One of Abraham Lincoln’s first and most controversial acts as president was to suspend habeas corpus in portions of Maryland. He would do it again in other border states. He also would jail politicians and editors for opposing the war and the draft.

(Habeus corpus is used to bring a prisoner before the court to determine if the person’s imprisonment or detention is lawful.)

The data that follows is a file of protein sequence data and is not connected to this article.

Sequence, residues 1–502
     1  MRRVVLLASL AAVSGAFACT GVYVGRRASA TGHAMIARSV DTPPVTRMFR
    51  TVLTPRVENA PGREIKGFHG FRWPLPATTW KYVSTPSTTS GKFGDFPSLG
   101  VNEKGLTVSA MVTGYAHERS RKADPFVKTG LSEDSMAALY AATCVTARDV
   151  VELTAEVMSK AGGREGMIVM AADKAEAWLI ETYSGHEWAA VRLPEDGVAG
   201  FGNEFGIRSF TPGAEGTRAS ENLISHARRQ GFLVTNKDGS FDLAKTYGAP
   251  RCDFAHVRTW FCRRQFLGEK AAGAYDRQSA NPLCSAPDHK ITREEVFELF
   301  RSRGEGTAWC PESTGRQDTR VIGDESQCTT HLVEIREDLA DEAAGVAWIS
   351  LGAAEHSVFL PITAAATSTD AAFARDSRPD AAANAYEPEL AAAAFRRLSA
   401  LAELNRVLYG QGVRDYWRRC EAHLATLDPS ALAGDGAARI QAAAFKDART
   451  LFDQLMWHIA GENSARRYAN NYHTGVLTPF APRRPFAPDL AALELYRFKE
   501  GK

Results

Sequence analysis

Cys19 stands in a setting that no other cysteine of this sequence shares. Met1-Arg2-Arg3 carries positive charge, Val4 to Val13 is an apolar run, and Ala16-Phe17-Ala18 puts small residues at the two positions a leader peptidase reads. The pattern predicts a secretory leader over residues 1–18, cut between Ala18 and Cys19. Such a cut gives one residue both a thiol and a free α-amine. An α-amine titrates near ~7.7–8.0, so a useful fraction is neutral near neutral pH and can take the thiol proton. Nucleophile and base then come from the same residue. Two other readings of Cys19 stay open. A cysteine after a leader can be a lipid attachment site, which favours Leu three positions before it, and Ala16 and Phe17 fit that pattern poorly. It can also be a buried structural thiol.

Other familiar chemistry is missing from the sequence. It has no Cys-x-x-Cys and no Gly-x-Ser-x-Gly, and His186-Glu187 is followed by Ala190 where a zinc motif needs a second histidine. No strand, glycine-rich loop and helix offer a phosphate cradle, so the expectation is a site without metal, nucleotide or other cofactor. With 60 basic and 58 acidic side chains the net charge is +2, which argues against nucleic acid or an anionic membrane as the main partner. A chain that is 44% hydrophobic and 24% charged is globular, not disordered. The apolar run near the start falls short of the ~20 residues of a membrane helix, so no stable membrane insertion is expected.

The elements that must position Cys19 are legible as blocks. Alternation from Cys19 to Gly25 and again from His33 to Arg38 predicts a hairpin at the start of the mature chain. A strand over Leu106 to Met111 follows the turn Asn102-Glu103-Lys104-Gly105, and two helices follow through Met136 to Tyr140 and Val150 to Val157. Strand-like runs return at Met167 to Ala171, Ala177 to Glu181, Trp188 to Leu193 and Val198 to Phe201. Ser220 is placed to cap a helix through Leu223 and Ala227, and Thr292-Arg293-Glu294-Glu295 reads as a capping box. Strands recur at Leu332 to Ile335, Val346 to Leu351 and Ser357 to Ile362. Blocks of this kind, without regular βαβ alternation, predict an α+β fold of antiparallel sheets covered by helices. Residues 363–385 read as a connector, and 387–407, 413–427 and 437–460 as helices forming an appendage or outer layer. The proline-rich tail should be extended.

Lincoln defended his actions, saying suspension of habeas corpus during an emergency was permitted by the Constitution.

Chief Justice of the Supreme Court Roger Taney, famed for his Dred Scott decision, opposed him. Lincoln persisted.

“Are all the laws but one to go unexecuted,” Lincoln asked, “and the government itself go to pieces, lest that one be violated?”

Historians, civil libertarians and constitutional scholars have been arguing over that ever since.

Source: Lincoln and the Second American Revolution by James M. McPherson